Just finished an interesting read by Theo Rogers, How to Get Good Reviews on Amazon: A Guide for Independent Authors &Sellers. It’s an insightful look at book reviews and how to get them, written by an Amazon, top reviewer. (Full disclosure: I received a free copy of this book from Mr. Rogers in return for posting an honest review).
The first thing you need to know, it’s a short read – 48 pages. It’s packed with tips about what motivates Amazon’s top reviewers, how to approach them, what to say / what not to say – when you get a bad review and more.
Interesting facts you probably didn’t know.
· There are certain categories reviewers tend to shy away from – Religion and politics. Why? Because people are emotionally invested in these topics, and they are often magnets for negative votes, which can quickly sink a reviewer’s helpfulness rating.
· “Most reviewers, even the bad ones, are honestly calling it like they see it.” You may think they’re out to get you, but the truth is – they didn’t like your book. Get over it!
· “Reviewers take reviewing seriously.” Much like writers, reviewers are serious about their craft. Remember that when you approach them.
The rest of the book explains how to find the right Amazon reviewers for your book, how to make sure your book is a good fit for them and the right way to ask a reviewer to check out your book.
Believe it or not, the approach Mr. Rogers gives is very similar to what most guides suggest for marketing your book on Amazon…
1. Find reviewers who like your book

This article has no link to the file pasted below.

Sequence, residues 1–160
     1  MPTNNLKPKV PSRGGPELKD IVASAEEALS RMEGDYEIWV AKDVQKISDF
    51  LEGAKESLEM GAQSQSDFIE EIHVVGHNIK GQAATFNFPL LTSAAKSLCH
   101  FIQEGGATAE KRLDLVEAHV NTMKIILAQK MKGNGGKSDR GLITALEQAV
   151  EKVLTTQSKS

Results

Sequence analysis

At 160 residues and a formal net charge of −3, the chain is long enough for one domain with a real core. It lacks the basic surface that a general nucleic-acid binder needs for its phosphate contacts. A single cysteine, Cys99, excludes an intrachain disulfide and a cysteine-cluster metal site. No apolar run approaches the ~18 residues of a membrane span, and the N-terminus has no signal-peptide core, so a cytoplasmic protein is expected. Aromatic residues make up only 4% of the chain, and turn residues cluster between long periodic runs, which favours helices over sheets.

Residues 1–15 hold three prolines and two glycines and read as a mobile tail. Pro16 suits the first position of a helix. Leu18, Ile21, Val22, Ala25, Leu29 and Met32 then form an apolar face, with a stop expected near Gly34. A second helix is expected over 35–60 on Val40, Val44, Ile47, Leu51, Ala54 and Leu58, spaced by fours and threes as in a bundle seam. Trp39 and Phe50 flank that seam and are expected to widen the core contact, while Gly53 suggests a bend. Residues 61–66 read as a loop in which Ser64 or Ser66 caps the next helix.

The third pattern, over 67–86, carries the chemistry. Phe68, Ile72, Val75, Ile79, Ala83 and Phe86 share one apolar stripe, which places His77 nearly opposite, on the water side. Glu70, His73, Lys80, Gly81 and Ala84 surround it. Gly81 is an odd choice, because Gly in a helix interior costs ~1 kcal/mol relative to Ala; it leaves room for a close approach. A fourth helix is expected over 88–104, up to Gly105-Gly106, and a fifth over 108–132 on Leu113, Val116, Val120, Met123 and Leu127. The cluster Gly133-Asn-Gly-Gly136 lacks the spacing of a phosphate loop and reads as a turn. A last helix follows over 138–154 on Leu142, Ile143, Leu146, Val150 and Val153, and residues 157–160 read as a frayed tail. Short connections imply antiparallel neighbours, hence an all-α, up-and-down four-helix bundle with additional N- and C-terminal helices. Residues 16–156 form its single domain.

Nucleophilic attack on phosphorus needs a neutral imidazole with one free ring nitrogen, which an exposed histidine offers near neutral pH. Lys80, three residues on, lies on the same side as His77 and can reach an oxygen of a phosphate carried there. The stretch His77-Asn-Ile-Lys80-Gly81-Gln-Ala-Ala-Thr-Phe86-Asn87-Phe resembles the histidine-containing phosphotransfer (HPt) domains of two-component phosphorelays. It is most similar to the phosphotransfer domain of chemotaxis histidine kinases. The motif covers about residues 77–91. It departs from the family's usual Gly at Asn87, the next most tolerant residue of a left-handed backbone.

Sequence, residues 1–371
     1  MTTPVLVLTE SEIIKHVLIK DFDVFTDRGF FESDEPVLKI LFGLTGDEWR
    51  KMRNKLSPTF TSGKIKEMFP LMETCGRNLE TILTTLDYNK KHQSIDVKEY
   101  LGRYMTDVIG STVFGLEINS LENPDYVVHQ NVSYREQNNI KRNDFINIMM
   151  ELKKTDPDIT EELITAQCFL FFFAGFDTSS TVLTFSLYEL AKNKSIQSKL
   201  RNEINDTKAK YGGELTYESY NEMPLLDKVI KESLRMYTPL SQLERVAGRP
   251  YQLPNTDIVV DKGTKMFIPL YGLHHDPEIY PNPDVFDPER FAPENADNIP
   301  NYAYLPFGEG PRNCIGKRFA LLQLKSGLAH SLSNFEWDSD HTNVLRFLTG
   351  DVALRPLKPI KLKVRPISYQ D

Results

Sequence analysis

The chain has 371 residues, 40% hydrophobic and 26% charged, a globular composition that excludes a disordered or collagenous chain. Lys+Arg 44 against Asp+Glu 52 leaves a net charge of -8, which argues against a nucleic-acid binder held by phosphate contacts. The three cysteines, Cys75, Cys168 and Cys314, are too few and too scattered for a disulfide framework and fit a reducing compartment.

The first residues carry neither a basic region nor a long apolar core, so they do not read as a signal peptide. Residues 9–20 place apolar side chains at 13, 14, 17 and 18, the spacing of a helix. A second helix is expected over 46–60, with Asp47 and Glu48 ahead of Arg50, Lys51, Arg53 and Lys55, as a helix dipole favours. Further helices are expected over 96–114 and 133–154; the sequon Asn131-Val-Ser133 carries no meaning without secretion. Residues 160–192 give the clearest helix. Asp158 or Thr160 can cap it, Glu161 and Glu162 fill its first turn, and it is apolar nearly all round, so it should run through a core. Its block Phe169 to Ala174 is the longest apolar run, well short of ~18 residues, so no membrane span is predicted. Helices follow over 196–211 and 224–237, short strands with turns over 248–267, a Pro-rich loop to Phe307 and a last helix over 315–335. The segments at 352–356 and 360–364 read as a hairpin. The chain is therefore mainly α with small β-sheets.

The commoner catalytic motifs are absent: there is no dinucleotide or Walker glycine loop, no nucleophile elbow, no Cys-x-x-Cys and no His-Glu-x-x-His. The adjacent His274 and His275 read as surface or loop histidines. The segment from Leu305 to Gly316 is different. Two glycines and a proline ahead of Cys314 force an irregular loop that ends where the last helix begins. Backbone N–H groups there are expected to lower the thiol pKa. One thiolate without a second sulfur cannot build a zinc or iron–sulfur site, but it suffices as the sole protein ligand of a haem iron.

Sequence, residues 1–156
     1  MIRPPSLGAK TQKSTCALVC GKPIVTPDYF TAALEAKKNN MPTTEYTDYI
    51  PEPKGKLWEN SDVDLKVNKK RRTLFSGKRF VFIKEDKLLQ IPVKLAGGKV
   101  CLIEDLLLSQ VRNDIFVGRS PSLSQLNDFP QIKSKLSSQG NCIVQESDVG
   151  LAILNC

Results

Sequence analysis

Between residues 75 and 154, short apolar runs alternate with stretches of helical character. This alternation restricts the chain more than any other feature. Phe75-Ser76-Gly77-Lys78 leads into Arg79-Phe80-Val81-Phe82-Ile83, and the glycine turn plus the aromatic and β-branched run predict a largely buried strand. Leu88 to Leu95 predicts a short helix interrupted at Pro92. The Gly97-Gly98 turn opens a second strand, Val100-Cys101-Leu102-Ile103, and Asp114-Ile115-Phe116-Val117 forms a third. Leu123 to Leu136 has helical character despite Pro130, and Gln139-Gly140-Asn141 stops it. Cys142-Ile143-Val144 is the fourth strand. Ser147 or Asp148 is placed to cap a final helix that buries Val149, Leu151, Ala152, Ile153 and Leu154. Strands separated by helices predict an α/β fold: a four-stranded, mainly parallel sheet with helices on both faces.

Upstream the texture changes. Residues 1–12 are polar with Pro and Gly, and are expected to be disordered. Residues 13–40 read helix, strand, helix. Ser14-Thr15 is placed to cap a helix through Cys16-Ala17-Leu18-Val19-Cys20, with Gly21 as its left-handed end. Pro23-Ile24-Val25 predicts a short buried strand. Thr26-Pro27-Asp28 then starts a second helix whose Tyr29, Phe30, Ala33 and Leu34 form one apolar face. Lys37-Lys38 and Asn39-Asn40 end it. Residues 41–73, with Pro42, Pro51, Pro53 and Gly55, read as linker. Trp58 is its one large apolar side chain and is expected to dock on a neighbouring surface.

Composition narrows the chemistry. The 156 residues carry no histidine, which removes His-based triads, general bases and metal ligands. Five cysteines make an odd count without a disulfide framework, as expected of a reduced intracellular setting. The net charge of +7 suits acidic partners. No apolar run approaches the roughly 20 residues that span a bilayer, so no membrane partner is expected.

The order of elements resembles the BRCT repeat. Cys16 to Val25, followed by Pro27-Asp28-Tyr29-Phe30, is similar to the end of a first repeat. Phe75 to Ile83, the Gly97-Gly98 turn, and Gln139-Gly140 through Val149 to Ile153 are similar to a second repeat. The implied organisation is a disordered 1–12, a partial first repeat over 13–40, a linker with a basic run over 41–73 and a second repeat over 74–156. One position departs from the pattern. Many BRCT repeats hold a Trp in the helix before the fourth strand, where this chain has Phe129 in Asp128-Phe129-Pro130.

2. Set a fair price, relative to your content
3. Make sure Amazon is the right place for your book
In other words, give your readers what they want; under promise, and over deliver on content and value; and, target the right audience for your book.
If your book does all of these things, it’s time to start contacting reviewers.
The book explains how to find reviewers who are a good fit for your book. It shows you how to tailor your pitch to the reviewer, so he/she is more likely to accept your request. And, it has sample emails you can use.
Mr. Rogers also offers one important tip to help you close the deal. “If you want to be successful, I strongly suggest that you write your initial contact letter to a reviewer as if you were the one asking the reviewer to do you a favor.”
Pretty simple stuff.
Even if you don’t plan on contacting Amazon’s top reviewers, this book gives you a great look at reviewing from the other side of the table. It should help you understand that good reviews happen, and so do bad reviews. You need a balance of good and bad reviews to sell your book. Too many good reviews and readers will think you stacked the deck. Too many bad reviews and readers will realize there may be something wrong with your book.
The perfect balance of good and bad reviews will help readers decide if your book is right for them or not.